What, then, does it mean for a workplace, a technology, or a nation to be “nuclear?” What is at stake in that label, and how do such stakes vary by time and place?

Department of History, University of Michigan
What is Africa’s place in the nuclear world? In 1995, a U.S. government report
on nuclear proliferation did not mark Gabon, Niger, or Namibia as having any
“nuclear activities.”1 Yet these same nations accounted for over 25 percent of
world uranium production that year, and helped fuel nuclear power plants in
Europe, the United States, and Japan. Experts had long noted that workers in
uranium mines were “exposed to higher amounts of internal radiation
than . . . workers in any other segment of the nuclear energy industry.”2
What, then, does it mean for a workplace, a technology, or a nation to be
“nuclear?” What is at stake in that label, and how do such stakes vary by
time and place?
In both political and scientific discourse, an apparently immutable ontology
has long distinguished nuclear things from non-nuclear ones. The distinction
has seemed transparent, fixed, and incontrovertible—ultimately a matter of
fission and radioactivity. Scholarship on the history, culture, and politics of
the “nuclear age” has also assumed the self-evidence of “nuclear” things. No
one questions whether bombs and reactors are “nuclear,” even while bitter
battles rage over their political, military, or moral legitimacy.
Acknowledgments: My biggest debts are to Paul Edwards and Bruce Struminger for their many
contributions. Useful comments also came from Soraya Boudia, Geoff Eley, Kenneth Garner,
Michelle Murphy, Martha Poon, Christopher Sellers, Matthew Shindell, and the reviewers of this
journal, as well as audiences in Minneapolis, Toronto, Eindhoven, Stony Brook, San Diego, and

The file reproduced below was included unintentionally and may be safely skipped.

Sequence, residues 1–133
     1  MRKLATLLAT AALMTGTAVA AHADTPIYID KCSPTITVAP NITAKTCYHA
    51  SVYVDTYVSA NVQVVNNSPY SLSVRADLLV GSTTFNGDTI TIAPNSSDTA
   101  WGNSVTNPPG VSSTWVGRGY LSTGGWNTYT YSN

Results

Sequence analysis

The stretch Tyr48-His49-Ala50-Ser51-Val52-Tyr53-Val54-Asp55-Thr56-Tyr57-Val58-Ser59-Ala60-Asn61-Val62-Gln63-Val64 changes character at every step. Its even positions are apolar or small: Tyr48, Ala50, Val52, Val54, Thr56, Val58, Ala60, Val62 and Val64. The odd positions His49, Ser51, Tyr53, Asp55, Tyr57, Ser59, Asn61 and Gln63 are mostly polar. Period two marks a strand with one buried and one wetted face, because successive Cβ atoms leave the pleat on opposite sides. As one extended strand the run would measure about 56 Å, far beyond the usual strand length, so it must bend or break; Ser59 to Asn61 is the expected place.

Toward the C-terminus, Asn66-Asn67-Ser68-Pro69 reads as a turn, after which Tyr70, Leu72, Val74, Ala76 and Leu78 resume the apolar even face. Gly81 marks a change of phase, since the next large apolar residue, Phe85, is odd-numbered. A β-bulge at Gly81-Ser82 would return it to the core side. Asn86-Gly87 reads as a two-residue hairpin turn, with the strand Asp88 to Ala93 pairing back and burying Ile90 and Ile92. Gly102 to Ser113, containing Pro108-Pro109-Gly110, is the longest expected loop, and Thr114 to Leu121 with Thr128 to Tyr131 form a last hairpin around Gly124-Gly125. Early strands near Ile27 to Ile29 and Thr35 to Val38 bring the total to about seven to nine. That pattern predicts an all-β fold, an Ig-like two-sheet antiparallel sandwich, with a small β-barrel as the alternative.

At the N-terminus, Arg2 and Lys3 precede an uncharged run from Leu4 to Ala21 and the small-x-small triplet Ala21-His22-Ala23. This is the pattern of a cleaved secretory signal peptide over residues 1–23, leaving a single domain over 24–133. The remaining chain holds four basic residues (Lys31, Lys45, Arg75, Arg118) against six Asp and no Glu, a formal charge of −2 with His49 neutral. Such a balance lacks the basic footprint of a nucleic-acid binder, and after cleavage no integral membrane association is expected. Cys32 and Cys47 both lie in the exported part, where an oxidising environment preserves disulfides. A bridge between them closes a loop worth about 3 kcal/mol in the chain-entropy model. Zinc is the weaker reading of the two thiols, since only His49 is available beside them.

1 Office of Technology Assessment, Nuclear Safeguards and the International Atomic Energy
Agency, OTA-ISS-615, Apr. 1995, App. B.
2 D. A. Holaday, “Some Unsolved Problems in Uranium Mining,” in, International Atomic
Energy Agency, International Labour Organisation, and World Health Organization, Radiological
Health and Safety in Mining and Milling of Nuclear Materials: Proceedings, vol. 1 (International
Atomic Energy Agency, 1964), 51.
Comparative Studies in Society and History 2009;51(4):896–926.
0010-4175/09 $15.00 # Society for the Comparative Study of Society and History, 2009
Beyond these clear-cut cases, however, the category of the “nuclear” has
never been defined by purely technical parameters. Like other master categories
that claim global purview, the “nuclear” both inscribes and enacts politics of
inclusion and exclusion. Neither technical function nor radiation sufficed to
make African nations and their mines “nuclear” in geopolitical terms. Such outcomes,
I have suggested elsewhere, were closely tied to the political economy
of the nuclear industry, with profound consequences for the legal and illegal
circulation of uranium and other radioactive materials and for the global institutions
and treaties governing nuclear systems.3 Here, I argue that the historical
and geographical contingencies affecting the “nuclear” as a category have also
had significant consequences for the lives and health of mineworkers. I focus
on African uranium miners, whose labor has fueled atomic weapons and
nuclear reactors around the world for over six decades. That these people
have been ignored both in histories of the nuclear age and by Africanists
speaks to mutually reinforcing assumptions about Africa’s place, and lack of
place, in a highly technological world. Challenging such assumptions requires
that we enter that world via its technologies.

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